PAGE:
The Congress on Wednesday proclaimed “zero tolerance” of the theories of hate and divisiveness propagated by the Shiv Sena and its breakaway outfit, the Maharashtra Navnirman Sena (MNS).
However, the party remained non-committal on when action would be taken against the Sena for issuing threats to actor Shah Rukh Khan — who said Pakistan players should have been picked up for IPL cricket matches — and warning theatre owners against screening his film.
All that Congress spokesperson Jayanthi Natarajan was willing to say to repeated questions why the Congress-led government in Maharashtra was not taking action against the Sena and the MNS despite their continued campaign against outsiders was that: “We are confident the Maharashtra government will take action at the appropriate time as per the law.”
At the same time, Congress leaders conceded in private that the Maharashtra government’s track record on this count did not stand scrutiny. Of particular note is the fact that the Congress-led Democratic Front government in the State banned two books by American author James Laine — ‘Shivaji: Hindu King in Muslim India’ and ‘Epic of Shivaji’ — after protests over uncharitable references to the Maratha icon.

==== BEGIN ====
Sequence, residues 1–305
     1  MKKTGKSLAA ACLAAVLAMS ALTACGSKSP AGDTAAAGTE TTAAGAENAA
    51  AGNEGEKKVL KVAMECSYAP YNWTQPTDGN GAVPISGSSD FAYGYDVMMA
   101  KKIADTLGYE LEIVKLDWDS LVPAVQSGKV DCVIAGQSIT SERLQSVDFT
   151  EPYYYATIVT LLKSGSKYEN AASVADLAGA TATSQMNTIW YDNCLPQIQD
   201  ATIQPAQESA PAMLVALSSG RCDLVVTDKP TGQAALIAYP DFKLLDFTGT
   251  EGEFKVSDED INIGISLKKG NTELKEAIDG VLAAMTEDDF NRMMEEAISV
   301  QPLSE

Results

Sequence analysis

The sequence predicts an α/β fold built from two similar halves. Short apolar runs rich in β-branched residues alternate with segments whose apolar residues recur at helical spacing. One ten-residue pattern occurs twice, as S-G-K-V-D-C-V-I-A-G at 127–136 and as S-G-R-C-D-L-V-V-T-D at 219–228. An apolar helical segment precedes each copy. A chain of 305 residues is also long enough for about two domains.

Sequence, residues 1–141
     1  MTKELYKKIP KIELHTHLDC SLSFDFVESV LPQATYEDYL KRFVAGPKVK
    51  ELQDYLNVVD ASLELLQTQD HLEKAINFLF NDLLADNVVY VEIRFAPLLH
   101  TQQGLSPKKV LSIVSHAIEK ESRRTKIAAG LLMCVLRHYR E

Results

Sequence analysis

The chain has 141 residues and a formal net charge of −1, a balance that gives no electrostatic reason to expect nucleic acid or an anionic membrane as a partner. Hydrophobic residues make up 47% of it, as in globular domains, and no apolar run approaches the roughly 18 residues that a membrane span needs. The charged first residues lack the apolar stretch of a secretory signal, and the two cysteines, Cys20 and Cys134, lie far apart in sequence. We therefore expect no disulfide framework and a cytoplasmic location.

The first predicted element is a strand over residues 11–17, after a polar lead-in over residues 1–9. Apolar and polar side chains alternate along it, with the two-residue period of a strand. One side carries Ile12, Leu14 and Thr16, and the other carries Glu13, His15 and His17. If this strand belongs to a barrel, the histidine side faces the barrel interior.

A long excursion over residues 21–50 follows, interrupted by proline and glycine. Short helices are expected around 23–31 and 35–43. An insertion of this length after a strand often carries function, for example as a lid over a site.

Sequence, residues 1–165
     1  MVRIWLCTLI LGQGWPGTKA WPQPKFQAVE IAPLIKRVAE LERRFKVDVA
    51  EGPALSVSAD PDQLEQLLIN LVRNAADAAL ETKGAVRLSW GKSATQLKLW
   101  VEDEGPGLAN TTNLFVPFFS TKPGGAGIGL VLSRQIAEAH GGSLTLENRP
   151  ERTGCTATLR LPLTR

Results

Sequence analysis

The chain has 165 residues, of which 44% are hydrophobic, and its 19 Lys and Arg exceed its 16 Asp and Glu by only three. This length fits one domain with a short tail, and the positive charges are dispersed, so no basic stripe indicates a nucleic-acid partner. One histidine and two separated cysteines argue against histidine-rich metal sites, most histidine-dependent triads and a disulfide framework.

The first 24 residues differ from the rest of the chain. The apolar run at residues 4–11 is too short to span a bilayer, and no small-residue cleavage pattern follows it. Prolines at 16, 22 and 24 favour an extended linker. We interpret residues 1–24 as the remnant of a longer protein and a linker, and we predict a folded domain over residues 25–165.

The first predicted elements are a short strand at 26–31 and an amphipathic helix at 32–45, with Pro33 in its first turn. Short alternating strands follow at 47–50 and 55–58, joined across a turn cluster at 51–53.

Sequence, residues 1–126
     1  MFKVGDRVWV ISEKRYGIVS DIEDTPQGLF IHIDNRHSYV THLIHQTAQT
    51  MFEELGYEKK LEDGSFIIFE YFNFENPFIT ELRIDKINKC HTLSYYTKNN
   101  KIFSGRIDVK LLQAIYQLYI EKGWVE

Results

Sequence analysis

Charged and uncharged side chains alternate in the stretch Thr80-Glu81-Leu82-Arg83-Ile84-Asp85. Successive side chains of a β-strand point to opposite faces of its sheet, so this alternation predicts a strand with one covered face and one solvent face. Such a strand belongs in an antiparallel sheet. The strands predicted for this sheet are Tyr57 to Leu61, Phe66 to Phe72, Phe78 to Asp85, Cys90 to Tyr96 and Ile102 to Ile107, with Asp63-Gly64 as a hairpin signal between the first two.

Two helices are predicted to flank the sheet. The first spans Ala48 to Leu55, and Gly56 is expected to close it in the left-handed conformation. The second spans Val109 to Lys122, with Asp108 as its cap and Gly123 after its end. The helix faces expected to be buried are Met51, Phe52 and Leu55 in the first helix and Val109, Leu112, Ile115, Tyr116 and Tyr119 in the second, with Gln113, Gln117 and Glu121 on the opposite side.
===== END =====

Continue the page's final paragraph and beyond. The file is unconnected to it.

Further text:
Meanwhile, in a suo motu statement on the persistent effort by the Sena and the MNS to fuel their ‘Mumbai for Marathis’ campaign, the Congress described it as a “pernicious attempt” to polarise the country along regional lines.
Reiterating the Congress’ commitment to the “idea of India,” Ms. Natarajan said: “We will strain every nerve to ensure that the unity and integrity of India is not compromised, the Constitution of India is upheld in letter and in spirit, and every citizen has the right to move about freely to live and work in every party of the country.”
Asked if the Sena and its mouthpiece Saamna — which in its latest editorial made some uncharitable remarks about Congress general secretary Rahul Gandhi — should be banned, she sidestepped the issue of proscription and said: “We urge the people of India to reject the ideology and politics of hate.”
Describing the campaign against Shah Rukh Khan as part of the culture of violence and hatred perpetuated by the Sena, Ms. Natarajan said “the Congress would peacefully resist it with all the means at our command.”
As for the comment against Mr. Gandhi, the Congress chose to ignore it, maintaining that the party did not want to “dignify such undignified remarks with a response.” This has been the party’s consistent line to personal remarks about the “first family” from most political opponents.